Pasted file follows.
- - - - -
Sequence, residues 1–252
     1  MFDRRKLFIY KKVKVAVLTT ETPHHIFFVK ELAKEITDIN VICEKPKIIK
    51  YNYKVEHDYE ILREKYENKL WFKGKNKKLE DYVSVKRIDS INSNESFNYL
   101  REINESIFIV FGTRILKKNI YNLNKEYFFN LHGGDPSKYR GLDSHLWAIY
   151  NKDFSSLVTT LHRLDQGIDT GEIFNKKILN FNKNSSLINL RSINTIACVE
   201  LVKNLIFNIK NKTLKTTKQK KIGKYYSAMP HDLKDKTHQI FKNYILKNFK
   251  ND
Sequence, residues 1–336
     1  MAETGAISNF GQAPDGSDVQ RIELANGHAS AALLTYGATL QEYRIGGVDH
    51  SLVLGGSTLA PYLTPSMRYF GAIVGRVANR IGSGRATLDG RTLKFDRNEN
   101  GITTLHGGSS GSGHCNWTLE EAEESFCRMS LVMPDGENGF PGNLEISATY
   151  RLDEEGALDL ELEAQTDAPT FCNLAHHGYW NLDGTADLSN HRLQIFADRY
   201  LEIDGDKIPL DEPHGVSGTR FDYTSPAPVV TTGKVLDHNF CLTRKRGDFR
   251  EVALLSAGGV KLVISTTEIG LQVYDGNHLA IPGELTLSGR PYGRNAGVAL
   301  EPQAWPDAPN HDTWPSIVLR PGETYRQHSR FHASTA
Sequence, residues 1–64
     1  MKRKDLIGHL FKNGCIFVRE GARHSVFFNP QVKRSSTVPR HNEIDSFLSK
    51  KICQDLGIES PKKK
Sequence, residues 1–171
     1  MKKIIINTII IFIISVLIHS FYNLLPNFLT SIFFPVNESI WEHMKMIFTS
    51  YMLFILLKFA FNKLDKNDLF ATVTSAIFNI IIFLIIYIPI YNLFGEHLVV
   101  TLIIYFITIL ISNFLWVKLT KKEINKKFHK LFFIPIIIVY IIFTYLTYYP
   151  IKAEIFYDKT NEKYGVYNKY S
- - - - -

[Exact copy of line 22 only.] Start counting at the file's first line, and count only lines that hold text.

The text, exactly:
   101  TLIIYFITIL ISNFLWVKLT KKEINKKFHK LFFIPIIIVY IIFTYLTYYP